Russia, Romania, France and Netherlands are the four teams that have progressed in the final weekend at the EHF EURO 2018, but none of them have won more than a silver medal in the competition. Therefore, a new team will enter the record books in the Women’s EHF European Championship.
Who will be the top scorer, will Romania cope without Neagu and how is France going to handle the pressure in Paris are all questions that will find their answers in the next few days.
A maiden winner at the EHF EURO
There are only four teams that have won the EHF EURO in history – Norway (seven times), Denmark (three times), Montenegro and Hungary (each one time) – but neither of them has qualified for the final weekend in Paris. Which can only mean one thing: there will be a new winner after the EHF EURO 2018.
Will it be France, the hosts, who can double up on their World Championship title won last year? Can Romania play the underdog and take one of the most fascinating wins in their history? Or it is time for Evgeni Trefilov’s Russia to shine? Maybe Netherlands can avenge their narrow loss in the final, 30:29, from two years ago, against Norway.
Only Russia (2006) and Netherlands (2016) have already made trips to the final in the EHF EURO, but both were beaten by Norway. This time, the Norwegian side is not in the last four teams in the competition, due to a slow start in the preliminary round, with losses against Romania and Germany.
No Scandinavian team in the final weekend
In fact, this is only the second EHF EURO final in history that will surely not feature a Scandinavian team, after Hungary beat Ukraine in 2000, 32:30, after a final that needed extra-time. Neither Norway nor Denmark and Sweden have progressed to the final weekend in Paris, with the first two sides taking the gold medal in ten out of the 12 editions of the Women’s EHF European Championship.
While Denmark finished fourth in Group I, Sweden and Norway have finished third in their respective groups, earning the right to feature in the 5/6 Placement Match which will take place before the first semi-final of the EHF EURO 2018. Both teams would have surely wanted more, but heartbreaking losses in the preliminary round meant that their way to the first two places in the main round was always going to be an uphill challenge.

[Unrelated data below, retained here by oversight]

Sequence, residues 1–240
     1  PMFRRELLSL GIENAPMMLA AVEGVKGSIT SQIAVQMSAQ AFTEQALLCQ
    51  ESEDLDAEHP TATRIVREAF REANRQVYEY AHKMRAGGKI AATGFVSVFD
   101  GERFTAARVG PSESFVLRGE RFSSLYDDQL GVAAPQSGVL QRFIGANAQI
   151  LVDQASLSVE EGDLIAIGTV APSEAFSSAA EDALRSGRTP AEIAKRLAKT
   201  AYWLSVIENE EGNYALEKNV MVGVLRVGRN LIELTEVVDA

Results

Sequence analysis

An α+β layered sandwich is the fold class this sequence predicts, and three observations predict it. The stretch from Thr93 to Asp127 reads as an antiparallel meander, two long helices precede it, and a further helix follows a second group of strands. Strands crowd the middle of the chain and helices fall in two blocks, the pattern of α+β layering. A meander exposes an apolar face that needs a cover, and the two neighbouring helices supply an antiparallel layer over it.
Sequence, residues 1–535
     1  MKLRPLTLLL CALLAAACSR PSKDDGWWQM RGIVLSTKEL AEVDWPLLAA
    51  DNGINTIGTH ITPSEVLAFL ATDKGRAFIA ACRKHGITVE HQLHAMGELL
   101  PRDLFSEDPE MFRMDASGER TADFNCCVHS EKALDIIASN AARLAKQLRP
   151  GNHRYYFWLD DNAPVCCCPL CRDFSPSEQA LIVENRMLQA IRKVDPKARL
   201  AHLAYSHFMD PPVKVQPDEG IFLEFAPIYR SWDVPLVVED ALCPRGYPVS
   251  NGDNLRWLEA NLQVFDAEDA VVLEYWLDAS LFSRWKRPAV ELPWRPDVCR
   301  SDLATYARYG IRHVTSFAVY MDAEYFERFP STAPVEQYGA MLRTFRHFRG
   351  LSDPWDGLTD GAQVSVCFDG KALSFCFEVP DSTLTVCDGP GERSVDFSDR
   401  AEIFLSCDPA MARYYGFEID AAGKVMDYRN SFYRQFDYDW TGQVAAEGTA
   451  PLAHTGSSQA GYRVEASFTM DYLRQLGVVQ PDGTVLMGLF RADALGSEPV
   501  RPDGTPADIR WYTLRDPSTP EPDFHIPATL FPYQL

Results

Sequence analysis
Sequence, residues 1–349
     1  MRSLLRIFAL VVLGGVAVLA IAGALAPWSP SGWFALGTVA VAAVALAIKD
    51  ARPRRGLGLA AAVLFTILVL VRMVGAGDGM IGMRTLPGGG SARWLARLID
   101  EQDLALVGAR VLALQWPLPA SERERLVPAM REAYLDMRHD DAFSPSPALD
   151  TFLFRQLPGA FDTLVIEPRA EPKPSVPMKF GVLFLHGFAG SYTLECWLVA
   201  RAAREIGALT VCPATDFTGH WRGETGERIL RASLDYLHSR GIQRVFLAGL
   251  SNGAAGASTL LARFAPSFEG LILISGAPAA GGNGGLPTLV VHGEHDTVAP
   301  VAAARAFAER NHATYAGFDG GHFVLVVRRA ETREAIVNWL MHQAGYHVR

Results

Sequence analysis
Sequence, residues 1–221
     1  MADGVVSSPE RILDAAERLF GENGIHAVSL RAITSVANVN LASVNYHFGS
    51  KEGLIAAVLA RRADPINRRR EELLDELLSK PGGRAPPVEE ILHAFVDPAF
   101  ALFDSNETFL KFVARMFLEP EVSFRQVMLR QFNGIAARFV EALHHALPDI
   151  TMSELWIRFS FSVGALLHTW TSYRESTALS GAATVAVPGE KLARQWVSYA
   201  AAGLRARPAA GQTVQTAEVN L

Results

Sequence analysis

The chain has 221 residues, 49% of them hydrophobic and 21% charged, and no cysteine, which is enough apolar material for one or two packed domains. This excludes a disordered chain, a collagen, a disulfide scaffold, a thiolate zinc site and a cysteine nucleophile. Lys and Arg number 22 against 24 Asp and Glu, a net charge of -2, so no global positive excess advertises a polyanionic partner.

How’s France going to cope with the pressure?
France have already won three bronze medals at the EHF EURO (2002, 2006 and 2016), but they will surely look for the gold in their first ever hosted tournament. Their recipe for success has been the same ever since Olivier Krumbholz has been named coach: a defence-minded team, with grit and strength. Surely enough, they have the best defence in the competition – with only 139 conceded goals over six games, or an average of 23,1 goals per game, the lowest in the competition.
But their struggles have been exposed in attack, despite scoring 166 goals in the EHF EURO 2018. They have not been able to deliver against Russia, in their opening game, while the 21 goals scored against Sweden was just enough to hold out for a draw, whilst a loss could have complicated the group. The semi-final against Netherlands surely seems to be one to watch for the handball purists, as two very good defences will clash in Paris. But will playing at home, in front of die-hard fans, add serious pressure on the French side?
How will Romania cope without Neagu?
When Cristina Neagu overextended her knee whilst trying to drop Szimonetta Planeta, the arena in Nancy went quiet. There was little any player could do to help Neagu, as line player Crina Pintea was crying over her shoulder. Neagu is a strong player, will come back more powerful, but Romania will have to learn to cope without her if they are to win a medal at the EHF EURO 2018.
It is hard to underline how important is Neagu for the Romanian side, as she is their best scorer – 44 goals – and has the most assists – 23 – but other players need to step up. Left back Bianca Bazaliu will break her duck at the EHF EURO against Russia, but more experienced players like Eliza Buceschi and Melinda Geiger will have to pull the weights in the back line.
Who will be the top goal scorer?
Serbia is out after finishing last in Group I, therefore right wing Katarina Krpez Slezak cannot improve her 50-goal tally recorded after playing six games at the EHF EURO 2018. While Cristina Neagu, who was second in the rankings, with 44 goals, is unlikely to play in the next games, the baton can probably be taken by Romanian playmaker Eliza Buceschi, who is on 40 goals after the main round.
Sixth-placed Nathalie Hagman scored 17 of her 30 goals against Russia in Sweden’s 39:30 win in the last game of the main round, but will only play once in Paris, in the 5/6 Placement Match against Norway. The next player who is due to play twice over the final weekend is Russia’s left wing Daria Samokhina, but she will need 24 goals just to tie Krpez in the rankings.